Rhizome

Photographed by Marco Giuliano and styled by Anca Macavei.

Transposing conceptual ideas into garments. A spotlight on Joanna Prazmo’s experimental practice starring Kira, photographed by Marco Giuliano and styled by Anca Macavei.

Joanna Prazmo derives inspirations from art, philosophy and nature. She likes to transfer conceptual ideas into textiles and garments where she can experiment with different mediums and objects. Joanna completed BA education as Fashion Designer at London College of Fashion and as Pattern Designer at VIA University College in Denmark. Her style is strongly influenced by pattern making and tailoring skills with use of non traditional fabrics and raw finishing techniques.

As human beings we tend to fit everything into a specific category, even when one cannot be placed only into a specific one. Where do you see the pieces you create into the artistic and fashion fields nowadays?

Like you said it’s difficult for me to categorize my work. From the time I started my journey with fashion my approach in making clothes has changed a lot. I became more interested in sculpture which I would like to further explore through my work. I try to combine both in my collections – art and wearable pieces but at the moment they belong more to exhibition space then a closet.

The re-use and re-contextualization of daily objects is a technique seen in breaking artistic movements such as Dada and Arte povera. Did they affect your creative process, and if so, in which way?

Through reading and contact with art that embraces theme of find objects I found it very inspiring to look at everyday objects from different perspective giving them another meaning. It pushed me to explore variety of mediums which I experimented with and led me to create unexpected results. My work starts from concept and is influenced by process of experimentation which is primary to final result. Even though I have an idea of what I want to achieve in the end it always changes through the spontaneous process of making and recreating. Similarly to mentioned movements that challenged work of art as something beautiful my work challenges traditional values of beauty and glamour questioning role of fashion nowadays.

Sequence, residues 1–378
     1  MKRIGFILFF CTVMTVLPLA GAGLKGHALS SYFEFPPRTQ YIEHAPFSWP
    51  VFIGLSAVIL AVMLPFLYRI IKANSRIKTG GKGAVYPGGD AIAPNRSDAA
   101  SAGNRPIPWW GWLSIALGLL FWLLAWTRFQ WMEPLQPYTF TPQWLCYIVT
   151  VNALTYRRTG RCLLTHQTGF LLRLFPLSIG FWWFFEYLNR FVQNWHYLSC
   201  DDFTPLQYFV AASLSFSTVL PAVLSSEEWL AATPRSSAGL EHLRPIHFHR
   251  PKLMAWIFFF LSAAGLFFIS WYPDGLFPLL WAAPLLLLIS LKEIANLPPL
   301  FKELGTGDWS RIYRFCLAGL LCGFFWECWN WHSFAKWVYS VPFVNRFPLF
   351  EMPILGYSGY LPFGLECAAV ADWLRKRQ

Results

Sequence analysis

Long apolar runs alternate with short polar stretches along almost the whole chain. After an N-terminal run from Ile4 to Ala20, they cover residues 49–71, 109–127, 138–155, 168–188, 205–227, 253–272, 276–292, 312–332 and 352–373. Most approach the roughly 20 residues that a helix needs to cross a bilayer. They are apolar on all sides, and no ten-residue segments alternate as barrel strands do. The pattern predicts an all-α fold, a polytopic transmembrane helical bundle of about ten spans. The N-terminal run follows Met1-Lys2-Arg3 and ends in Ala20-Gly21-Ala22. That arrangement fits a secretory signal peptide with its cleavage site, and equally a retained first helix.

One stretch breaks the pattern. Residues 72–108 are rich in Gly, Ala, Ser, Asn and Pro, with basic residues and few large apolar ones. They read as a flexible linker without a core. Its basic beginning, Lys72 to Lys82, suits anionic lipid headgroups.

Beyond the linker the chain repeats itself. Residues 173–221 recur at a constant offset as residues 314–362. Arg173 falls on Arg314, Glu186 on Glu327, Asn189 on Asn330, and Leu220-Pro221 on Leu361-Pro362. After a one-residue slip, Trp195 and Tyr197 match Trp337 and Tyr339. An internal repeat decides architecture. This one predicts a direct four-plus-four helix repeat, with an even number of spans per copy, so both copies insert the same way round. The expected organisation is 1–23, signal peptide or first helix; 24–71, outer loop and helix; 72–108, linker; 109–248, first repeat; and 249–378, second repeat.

All your pieces seem to implement difficult modelling, sewing and productive techniques. How much working time does a whole body silicone piece require to be ultimated?

That really depends on a kind of garment and type of silicone I work with. In this collections I experimented with few types of silicone having different properties and curing time. There are garments which I am able to create using technique of molding in about two days. Those garments that are made from pattern pieces and constructed like conventional garments involve more sampling. One piece of clothing made within use of mixed techniques such as flat pattern making and molding might require up to two weeks time.
Speed of making garments depends much on experience. Making silicone dress for a first time took me about four weeks and was preceded by long initial experimentation with material itself. Through understanding the process of silicone molding and curing I could significantly minimise making time.

Rhizome

Credits:

Photography: Marco Giuliano / @marcogiulianoph
Styling: Anca Macavei / @ancamacavei
Styling assistant: Maria Vershinina / @diefraumarusya
Video edit: Isabel Evangelisti / @isabelevangelisti
Model: Kira at Next Models / @kira.a.official @nextmodels

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